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It’s Friday night: What’s the most important question in science?


According to Alex Berezow at American Council on Science and Health:

“How do we know what we claim to know?” is quite easily the most important question in science. In fact, the scientific method is designed precisely to answer that question. Through a process of careful observation, hypothesizing, and tightly controlled experimentation, scientists have been able to explain why they know what they claim to know for hundreds of years. Rigorously following this procedure is what separates science from all other disciplines.

We’re fine with that but naturalism entails a different approach: Consciousness is an illusion and evidence is an outdated concept where cosmology is concerned. Patchy Ausstechformen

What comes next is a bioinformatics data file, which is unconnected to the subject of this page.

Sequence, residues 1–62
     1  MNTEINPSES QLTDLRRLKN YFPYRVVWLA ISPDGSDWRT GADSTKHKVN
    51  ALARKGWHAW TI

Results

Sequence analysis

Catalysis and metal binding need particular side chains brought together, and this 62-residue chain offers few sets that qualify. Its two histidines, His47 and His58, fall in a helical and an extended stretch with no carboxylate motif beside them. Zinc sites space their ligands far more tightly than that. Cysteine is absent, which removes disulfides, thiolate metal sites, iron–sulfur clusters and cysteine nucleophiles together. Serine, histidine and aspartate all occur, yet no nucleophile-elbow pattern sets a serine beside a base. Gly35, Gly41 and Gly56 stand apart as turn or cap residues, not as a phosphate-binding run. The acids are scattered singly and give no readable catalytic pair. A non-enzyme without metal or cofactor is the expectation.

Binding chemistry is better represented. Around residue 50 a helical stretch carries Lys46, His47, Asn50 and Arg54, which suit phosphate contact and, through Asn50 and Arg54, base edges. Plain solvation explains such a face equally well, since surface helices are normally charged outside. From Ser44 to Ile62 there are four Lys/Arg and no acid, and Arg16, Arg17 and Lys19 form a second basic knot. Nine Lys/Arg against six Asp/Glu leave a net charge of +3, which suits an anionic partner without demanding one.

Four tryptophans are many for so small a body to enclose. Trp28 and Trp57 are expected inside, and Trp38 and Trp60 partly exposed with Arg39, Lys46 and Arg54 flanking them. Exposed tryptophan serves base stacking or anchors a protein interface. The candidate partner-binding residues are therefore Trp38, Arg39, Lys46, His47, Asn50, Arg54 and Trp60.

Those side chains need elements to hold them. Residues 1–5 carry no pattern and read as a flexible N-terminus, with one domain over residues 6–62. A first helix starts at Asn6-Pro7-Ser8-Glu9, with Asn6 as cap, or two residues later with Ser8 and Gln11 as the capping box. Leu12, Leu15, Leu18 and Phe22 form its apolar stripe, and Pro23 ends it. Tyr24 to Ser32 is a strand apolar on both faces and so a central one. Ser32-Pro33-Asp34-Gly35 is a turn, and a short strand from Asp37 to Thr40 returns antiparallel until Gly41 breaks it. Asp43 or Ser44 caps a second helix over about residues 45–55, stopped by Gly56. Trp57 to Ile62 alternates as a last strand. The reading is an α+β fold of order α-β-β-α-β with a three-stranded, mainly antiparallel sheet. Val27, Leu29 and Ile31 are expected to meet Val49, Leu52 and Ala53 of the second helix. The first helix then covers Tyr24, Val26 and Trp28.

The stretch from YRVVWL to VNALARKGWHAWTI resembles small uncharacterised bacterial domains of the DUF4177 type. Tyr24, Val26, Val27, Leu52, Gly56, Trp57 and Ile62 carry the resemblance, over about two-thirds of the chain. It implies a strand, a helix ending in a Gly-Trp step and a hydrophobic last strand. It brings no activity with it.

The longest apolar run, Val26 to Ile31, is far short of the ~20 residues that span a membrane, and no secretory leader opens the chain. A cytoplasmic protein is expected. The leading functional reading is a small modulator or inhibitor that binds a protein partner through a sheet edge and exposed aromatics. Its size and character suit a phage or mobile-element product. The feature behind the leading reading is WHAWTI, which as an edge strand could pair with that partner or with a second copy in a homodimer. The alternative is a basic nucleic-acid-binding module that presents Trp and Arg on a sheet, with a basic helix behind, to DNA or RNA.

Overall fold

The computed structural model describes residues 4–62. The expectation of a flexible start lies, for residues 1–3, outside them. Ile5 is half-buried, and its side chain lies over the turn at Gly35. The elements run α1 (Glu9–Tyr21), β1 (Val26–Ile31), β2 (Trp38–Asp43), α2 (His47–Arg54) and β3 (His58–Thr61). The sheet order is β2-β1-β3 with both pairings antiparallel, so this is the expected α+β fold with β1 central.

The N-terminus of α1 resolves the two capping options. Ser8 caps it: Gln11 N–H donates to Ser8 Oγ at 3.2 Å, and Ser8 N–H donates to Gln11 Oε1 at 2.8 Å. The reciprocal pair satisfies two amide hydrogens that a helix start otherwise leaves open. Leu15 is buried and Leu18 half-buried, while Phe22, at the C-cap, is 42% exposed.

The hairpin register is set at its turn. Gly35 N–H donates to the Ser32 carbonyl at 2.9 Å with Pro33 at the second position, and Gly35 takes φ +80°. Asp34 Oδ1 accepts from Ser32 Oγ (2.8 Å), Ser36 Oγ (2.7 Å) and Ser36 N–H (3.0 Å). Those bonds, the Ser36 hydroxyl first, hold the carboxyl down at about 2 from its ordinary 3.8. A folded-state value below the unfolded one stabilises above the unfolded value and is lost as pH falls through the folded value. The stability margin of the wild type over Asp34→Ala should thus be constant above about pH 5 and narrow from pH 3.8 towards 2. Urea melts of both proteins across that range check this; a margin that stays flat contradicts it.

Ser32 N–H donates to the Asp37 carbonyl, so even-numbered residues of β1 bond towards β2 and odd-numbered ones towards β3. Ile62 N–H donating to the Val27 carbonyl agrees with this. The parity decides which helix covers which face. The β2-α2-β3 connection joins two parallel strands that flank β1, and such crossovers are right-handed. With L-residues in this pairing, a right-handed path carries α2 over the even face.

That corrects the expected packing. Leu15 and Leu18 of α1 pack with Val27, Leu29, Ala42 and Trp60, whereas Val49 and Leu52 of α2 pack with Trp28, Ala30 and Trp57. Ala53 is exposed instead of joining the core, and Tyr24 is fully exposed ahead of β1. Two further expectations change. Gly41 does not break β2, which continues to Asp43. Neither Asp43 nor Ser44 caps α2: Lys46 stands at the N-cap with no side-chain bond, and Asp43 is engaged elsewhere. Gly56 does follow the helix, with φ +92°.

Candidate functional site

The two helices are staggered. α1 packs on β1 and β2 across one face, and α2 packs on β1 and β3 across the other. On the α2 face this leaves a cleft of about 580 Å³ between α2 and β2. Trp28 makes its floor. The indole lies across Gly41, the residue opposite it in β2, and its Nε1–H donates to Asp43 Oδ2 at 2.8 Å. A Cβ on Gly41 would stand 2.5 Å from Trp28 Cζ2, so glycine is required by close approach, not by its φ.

Now here is where the wheels came off:

Most aspects of our lives cannot be scrutinized with the scientific method. But what we can do is apply the underlying philosophy of the scientific method to our daily lives. And that philosophy is one of skepticism. More.

Actually, the philosophy isn’t skepticism as such. One could end up doubting that two and two make four.

Rather, the philosophy is to look for evidence rather than rely on authority. But we cannot look for evidence if we doubt that we are capable of evaluating it.

See also: The illusion of consciousness sees through itself.

One could end up doubting that two and two make four.
Some people did. It's one of the reasons that Russell & Whitehead wrote their Principia Mathematica. Bob O'H

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